IT departments have had to pay attention to smartphones and tablets. The major forces behind BYOD, or “bring your own device” to work, have forced anyone with an information technology degree to reconsider how businesses work with technology and the way applications must provide access to employees and customers.
As if that wasn’t enough change, there is a new general form factor in PCs: the Ultrabook. Developed by Intel as an answer to Apple’s MacBook Air, Ultrabooks are thin and light notebooks with long battery life and a fast boot-up time. They haven’t been the biggest sellers so far, but some changes in market dynamics could make them very popular. The potential for Ultrabooks is obvious. Classic consumer demand pressures on system manufacturers have been to make devices smaller and lighter with greater battery life.
Some Ultrabooks weigh less than 2.5 pounds, and all have relatively small physical dimensions. They typically can run for hours without a recharge. Ultrabooks run Windows, which means you can use the same software packages as on Windows desktops. And unlike netbooks, which were explicitly designed to be less powerful to discourage people from moving to less expensive systems, Ultrabooks can sport multi-core processors and reasonable amounts of RAM.
Ultrabooks have suffered from a few problems, according to analysts. One is price. They’ve often hovered around the $1,000 point or above, and that is seen by many people as simply too much money, when regular laptops can go for far less. Also, with Windows 8 around the corner and promising a touch interface as well as mouse capabilities, many people have been waiting to purchase new equipment. However, analysts say that some of that may change in the near future.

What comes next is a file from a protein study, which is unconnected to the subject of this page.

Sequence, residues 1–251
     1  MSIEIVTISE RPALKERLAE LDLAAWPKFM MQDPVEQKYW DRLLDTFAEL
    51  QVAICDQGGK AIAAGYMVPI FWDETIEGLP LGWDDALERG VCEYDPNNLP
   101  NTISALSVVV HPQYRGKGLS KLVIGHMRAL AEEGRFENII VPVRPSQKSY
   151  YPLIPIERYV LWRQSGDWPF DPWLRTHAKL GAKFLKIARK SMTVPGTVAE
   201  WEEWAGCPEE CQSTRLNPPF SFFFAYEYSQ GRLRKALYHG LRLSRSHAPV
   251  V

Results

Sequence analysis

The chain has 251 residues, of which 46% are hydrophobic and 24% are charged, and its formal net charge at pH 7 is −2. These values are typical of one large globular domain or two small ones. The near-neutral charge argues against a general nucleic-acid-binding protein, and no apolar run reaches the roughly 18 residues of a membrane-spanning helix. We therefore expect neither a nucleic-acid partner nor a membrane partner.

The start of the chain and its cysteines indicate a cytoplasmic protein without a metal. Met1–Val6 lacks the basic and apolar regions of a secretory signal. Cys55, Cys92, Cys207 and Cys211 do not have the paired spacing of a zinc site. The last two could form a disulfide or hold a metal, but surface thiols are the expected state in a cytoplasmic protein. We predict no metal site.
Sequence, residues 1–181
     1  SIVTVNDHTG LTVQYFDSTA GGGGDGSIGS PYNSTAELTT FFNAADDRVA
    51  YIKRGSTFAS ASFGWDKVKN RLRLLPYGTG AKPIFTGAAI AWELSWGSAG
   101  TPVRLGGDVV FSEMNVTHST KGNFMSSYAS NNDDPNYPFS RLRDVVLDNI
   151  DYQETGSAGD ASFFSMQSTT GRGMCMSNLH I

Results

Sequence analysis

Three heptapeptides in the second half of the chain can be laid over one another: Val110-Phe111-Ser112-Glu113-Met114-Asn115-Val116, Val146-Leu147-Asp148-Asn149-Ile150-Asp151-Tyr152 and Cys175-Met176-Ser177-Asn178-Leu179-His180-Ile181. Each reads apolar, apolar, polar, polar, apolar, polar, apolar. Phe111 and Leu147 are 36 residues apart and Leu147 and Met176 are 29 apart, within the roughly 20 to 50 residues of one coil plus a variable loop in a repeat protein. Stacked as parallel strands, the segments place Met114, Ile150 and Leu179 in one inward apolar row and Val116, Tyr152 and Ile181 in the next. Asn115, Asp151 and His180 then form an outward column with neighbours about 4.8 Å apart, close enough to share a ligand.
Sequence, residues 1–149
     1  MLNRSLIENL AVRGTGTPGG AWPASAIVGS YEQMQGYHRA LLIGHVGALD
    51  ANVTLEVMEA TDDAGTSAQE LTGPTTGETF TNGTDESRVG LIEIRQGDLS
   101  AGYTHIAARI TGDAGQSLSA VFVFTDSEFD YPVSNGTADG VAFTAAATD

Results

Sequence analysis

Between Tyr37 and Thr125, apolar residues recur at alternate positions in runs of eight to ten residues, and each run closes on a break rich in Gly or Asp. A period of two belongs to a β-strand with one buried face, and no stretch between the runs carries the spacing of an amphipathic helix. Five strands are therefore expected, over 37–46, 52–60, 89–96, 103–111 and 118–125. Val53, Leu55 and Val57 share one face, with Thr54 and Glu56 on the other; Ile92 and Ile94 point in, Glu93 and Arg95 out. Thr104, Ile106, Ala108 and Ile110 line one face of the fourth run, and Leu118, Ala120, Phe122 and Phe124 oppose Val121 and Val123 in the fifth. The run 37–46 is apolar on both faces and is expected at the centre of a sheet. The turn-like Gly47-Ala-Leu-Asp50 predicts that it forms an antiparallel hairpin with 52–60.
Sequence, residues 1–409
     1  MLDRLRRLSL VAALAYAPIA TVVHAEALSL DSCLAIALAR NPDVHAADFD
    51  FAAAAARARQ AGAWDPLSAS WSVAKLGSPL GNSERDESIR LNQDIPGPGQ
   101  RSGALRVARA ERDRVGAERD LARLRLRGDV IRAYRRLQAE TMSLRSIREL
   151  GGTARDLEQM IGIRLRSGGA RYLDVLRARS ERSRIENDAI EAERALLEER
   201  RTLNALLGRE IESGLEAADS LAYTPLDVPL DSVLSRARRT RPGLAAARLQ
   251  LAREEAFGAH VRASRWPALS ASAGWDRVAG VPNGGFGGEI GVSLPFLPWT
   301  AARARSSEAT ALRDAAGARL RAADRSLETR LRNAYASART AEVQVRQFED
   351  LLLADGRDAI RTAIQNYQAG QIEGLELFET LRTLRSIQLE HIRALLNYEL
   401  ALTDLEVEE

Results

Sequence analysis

Windows 8 is expected out in the fall, and by the end of the year, Ultrabook prices could plummet to close to $600. All this could fuel big growth in sales. For example, Lenovo is betting that Ultrabooks could push its sales past HP’s. In addition, there is some interesting experimentation in product design that will appear, like the convertible Ultrabook that can act either as a notebook or as a tablet. Asus, for one, will have a Windows 8 device that emulates its Android-based Transformer, where a tablet can connect to a docking station, which adds a keyboard and touchpad for operation. Acer apparently got intuitive multi-touch right on a touchpad.
What does all this mean to IT professionals? A lot of research, examination, and consideration. Not all these variations will work. But given the push that Intel and hardware vendors are making, some will likely take off. Companies have to know what will ultimately be successful so they can adapt software to yet another type of form factor to better support users.